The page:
GoodbyeUncleTomGet ready, because this is quite simply the most hackle-raising, mind-blowing, screamingly offensive exploitation movie of all time!!!  GOODBYE UNCLE TOM is an unabashedly incendiary look at race relations in America during the early seventies that’s guaranteed to leave your jaw on the floor.

The Italian filmmaking team of Gualtiero Jacopetti and Franco Prosperi have been called “the most devious and irresponsible filmmakers who have ever lived,” a claim they more than live up to in their many films.  Most notable among those films are the MONDO CANE flicks of 1962-64, which kicked off the “Mondo” cycle of exploitation documentaries; AFRICA ADDIO (1966), a hard-hitting look at life in Africa that includes scenes of horrific animal slaughter and people killed onscreen; and MONDO CANDIDO (1975), a phantasmagoric adaptation of Voltaire’s CANDIDE containing nearly every imaginable vice.

1971’s GOODBYE UNCLE TOM (a.k.a. ADDIO ZIO TOM), however, is surely their magnum opus, a sleaze epic that puts the team’s documentary background to good use and outdoes all their other films in sheer outrageousness.  Indeed, GOODBYE UNCLE TOM is arguably the most effective cinematic treatment of slavery and its consequences, surpassing all the others—ROOTS, MANDINGO, DRUM, AMISTAD, ILL-GOTTEN GAINS, BELOVED and MANDALAY—in every respect.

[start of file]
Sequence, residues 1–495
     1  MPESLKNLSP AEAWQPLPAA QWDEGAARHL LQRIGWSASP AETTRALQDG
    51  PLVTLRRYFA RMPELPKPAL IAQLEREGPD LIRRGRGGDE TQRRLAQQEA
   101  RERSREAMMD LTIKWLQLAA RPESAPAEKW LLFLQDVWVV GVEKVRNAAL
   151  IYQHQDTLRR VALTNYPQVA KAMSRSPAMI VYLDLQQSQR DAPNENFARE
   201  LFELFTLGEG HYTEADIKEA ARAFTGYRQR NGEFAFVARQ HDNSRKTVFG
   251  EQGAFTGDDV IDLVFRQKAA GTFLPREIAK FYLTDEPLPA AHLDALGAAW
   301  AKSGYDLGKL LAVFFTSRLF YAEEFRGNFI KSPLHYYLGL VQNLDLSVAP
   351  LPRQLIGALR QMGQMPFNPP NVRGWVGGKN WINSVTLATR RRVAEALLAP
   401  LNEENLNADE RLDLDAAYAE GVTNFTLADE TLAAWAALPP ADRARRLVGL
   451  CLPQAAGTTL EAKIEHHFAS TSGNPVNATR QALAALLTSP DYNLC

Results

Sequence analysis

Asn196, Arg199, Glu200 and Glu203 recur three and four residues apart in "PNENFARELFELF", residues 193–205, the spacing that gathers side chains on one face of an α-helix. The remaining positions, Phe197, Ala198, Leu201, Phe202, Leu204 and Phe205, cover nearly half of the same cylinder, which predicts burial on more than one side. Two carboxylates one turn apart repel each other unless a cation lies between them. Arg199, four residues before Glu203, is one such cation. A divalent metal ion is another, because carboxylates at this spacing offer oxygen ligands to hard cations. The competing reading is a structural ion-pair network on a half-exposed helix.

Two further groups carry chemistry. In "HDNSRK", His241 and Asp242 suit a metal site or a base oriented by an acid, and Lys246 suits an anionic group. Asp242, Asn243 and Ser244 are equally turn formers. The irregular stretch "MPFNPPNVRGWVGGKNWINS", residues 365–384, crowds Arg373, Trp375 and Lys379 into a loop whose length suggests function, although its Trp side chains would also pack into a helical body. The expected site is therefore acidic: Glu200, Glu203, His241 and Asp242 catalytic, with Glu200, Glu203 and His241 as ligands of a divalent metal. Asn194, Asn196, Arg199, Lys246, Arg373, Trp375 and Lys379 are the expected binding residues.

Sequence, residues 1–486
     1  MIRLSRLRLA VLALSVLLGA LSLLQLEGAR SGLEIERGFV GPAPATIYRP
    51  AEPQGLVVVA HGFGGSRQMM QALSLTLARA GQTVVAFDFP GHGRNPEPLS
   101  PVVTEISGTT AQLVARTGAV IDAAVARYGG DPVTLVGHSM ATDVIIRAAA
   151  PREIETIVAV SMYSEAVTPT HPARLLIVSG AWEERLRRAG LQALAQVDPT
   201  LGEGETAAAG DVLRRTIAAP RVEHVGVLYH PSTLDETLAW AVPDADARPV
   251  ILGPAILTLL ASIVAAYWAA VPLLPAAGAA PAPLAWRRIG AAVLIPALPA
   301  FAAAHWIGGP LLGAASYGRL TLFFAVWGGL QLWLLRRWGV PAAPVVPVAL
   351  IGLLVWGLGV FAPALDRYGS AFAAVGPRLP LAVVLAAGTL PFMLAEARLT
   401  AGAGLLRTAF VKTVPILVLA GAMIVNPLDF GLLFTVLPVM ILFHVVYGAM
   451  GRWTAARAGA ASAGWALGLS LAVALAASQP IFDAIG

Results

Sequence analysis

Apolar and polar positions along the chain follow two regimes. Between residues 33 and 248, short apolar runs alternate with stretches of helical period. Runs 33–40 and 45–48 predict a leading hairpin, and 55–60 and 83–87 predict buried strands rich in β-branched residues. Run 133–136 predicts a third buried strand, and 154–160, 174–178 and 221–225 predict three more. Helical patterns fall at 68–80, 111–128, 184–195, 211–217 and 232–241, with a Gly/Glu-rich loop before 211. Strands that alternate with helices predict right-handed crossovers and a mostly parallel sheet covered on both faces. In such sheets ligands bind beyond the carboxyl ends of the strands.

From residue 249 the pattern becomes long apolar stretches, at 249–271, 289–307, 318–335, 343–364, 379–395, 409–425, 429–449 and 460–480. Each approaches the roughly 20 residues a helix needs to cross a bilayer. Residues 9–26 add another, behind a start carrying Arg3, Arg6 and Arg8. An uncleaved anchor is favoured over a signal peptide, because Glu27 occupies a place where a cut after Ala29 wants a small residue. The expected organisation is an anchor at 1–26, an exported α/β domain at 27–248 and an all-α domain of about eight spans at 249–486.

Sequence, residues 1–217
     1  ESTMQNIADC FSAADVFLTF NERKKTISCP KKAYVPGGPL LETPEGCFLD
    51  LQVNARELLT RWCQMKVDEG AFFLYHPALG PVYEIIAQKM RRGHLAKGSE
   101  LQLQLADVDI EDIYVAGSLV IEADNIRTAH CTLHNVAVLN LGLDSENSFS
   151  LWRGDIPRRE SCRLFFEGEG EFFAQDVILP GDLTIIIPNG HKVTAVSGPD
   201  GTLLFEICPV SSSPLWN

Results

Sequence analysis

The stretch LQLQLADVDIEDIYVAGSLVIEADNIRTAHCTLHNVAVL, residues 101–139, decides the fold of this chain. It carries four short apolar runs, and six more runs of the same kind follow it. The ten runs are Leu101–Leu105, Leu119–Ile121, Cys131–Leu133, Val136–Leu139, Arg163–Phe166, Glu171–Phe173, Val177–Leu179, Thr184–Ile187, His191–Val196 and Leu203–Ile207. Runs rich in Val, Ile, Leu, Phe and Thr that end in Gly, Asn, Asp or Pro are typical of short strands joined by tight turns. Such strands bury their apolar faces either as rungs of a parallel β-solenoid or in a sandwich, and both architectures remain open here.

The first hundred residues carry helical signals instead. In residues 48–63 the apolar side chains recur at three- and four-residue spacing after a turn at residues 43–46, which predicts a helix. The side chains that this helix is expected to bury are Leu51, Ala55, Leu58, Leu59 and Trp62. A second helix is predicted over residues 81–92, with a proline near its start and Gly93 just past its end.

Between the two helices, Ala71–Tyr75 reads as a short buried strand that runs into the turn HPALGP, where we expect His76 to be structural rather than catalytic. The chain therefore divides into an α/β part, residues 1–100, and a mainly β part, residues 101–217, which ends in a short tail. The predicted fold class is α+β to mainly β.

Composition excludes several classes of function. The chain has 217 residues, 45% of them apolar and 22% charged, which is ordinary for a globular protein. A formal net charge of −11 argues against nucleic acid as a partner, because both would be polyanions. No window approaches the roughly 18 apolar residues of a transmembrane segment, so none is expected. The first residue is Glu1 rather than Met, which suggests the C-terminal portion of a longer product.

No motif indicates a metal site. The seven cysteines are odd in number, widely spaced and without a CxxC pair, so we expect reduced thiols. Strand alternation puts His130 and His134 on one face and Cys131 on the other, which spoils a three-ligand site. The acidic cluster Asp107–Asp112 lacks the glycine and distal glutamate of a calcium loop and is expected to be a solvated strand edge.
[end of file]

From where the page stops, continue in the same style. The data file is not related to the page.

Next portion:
The film was initially given an extremely limited grindhouse release that was heavily cut and without credits; its backers apparently wanted to distance themselves from this wildly controversial film (in her venomous New Yorker review an outraged Pauline Kael made a point of listing the names of everyone involved) and US distributors over the years have done their best to pretend it never existed.  It’s now legally available as part of Blue Underground’s limited edition MONDO CANE COLLECTION, a lovingly presented 8-DVD set that includes both the 123-minute English version of GOODBYE UNCLE TOM (which was popular on the bootleg circuit for several years), as well as the newly discovered 136-minute Italian language director’s cut, which is even more potent.  If you only know this incredible film in the English language cut than you owe it to yourself to catch this new and improved version.  For that matter, if you’re an exploitation buff who hasn’t seen the film at all, then you simply MUST get a hold of GOODBYE UNCLE TOM, ASAP!

The year is 1971 and America is tearing itself apart at the seams: African Americans, tired of the mistreatment they’re had to endure at the hands of the white man, are rising up, with folks like Malcolm X and Leroi Jones (according to this movie, at least) encouraging their brothers to kill whitey.